There’s a scene midway through the Adam Sandler-Drew Barrymore vehicle “Blended” that sees the two stars, playing single parents thrust together on a South African resort, accidentally meet up for morning coffee. They don’t say much, commiserating over their respective kids’ sleeping habits, but what they do say is believable, radiating an unhurried, unforced chemistry that’s enough to make one wonder why these two actors have only made three movies together over the past 16 years. Then they gaze out toward the resort grounds, and witness two poorly rendered CGI rhinos copulating with great vigor. Cut to a shot of the barista addressing the camera with a Catskills smirk: “You don’t see that in New Jersey!” This scene serves as a perfect microcosm for the film as a whole, which should see solid if unspectacular family business over Memorial Day weekend.
Granted, that sequence is the only one in the film that includes a direct rupture of the fourth-wall, or a depiction of wildlife mating, or any mention at all of New Jersey, but it nonetheless epitomizes the pic’s perverse instinct to undercut its own charms at every opportunity.
Reuniting Sandler and Barrymore for the first time in a decade, and the pair with director Frank Coraci for the first time since “The Wedding Singer,” “Blended” suffers from a fundamental lack of trust in its audience, following every unexpectedly smart exchange with a numbskull pratfall or one-liner, and every instance of genuine sincerity with an avalanche of schmaltz. Unquestionably an improvement over recent Sandler efforts like “Grown Ups 2,” “Jack and Jill” and “Just Go With It” — which, to be fair, were all truly vile, “death of cinema” sorts of affairs — the film is all the more disappointing for having actual potential to squander.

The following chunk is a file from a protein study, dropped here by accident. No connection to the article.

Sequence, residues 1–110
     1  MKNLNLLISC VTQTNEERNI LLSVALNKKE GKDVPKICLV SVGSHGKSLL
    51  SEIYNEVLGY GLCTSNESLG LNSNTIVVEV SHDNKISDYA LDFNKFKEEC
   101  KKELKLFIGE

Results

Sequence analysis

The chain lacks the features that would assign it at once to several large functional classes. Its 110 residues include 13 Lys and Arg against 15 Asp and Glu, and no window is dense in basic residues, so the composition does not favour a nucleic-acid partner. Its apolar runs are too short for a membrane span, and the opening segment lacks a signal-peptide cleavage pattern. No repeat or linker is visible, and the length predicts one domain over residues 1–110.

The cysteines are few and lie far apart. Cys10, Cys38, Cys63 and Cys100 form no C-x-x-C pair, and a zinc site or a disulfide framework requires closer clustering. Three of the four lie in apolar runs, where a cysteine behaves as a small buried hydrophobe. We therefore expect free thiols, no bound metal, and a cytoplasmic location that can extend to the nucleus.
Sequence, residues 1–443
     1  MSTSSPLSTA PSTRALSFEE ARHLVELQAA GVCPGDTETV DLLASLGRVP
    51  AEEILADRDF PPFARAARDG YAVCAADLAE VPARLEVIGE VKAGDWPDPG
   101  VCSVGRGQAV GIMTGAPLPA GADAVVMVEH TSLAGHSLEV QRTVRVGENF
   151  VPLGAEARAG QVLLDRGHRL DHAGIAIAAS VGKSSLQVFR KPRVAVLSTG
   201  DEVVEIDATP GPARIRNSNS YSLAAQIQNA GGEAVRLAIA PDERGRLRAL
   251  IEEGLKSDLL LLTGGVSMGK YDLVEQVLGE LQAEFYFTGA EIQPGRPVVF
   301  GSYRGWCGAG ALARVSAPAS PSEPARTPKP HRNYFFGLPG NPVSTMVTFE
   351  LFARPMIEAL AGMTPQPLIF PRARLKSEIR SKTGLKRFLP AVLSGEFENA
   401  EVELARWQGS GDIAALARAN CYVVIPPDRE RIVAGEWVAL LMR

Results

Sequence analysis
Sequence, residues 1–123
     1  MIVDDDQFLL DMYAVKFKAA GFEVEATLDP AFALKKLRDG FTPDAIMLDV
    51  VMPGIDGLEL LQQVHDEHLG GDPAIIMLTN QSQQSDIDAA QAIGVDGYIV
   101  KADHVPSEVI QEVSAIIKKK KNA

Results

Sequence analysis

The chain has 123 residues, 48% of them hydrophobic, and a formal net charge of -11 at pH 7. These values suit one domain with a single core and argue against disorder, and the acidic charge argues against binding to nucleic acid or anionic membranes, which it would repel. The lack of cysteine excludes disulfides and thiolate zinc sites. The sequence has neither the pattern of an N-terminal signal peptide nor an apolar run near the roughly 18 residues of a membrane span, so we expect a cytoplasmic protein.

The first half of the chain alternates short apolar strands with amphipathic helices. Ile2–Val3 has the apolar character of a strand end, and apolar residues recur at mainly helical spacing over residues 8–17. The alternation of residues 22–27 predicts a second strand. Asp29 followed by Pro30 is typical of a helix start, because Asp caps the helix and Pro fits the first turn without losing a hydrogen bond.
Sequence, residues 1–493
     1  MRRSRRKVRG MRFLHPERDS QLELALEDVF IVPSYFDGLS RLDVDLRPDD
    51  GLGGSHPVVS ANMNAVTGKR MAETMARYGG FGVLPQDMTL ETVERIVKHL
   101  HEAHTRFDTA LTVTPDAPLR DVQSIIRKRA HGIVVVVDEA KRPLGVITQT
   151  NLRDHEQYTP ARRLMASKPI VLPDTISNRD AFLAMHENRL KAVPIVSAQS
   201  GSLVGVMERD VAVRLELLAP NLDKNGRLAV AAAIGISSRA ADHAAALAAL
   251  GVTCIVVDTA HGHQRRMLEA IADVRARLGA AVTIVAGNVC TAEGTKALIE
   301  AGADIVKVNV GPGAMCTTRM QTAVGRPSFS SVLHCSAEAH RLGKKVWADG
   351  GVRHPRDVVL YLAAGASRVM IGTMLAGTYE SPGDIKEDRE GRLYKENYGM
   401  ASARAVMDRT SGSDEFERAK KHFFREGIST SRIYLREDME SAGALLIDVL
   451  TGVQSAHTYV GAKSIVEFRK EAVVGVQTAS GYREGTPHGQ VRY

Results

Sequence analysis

Here Sandler plays Jim, a widowed everyman sporting goods seller with three daughters, while Barrymore tackles the role of Lauren, an interior decorator who specializes in closets, and a divorced mother to two boys. The two meet for a disastrous blind date at Hooters in the film’s opening scene, after which they resolve never to speak to one another again. In no time, they randomly meet again at a drugstore, then meet again thanks to an odd credit card mixup, then meet once more at a fabulous resort in South Africa with each claiming the same assumed identity, forcing the two — and their children — to bunk up in the same suite for a week.
This laborious setup takes at least 45 minutes of screen time to get through, and it may well go down as the most boring extended stretch in Sandler’s entire filmography. Screenwriters Ivan Menchell and Clare Sera seem problematically aware of how unlikely this central scenario must seem, and thus spend an exhausting amount of time explaining every little step. This will not be the first time the film screeches to a halt in order to address potential structural problems that aren’t particularly important, creating bigger issues in the process.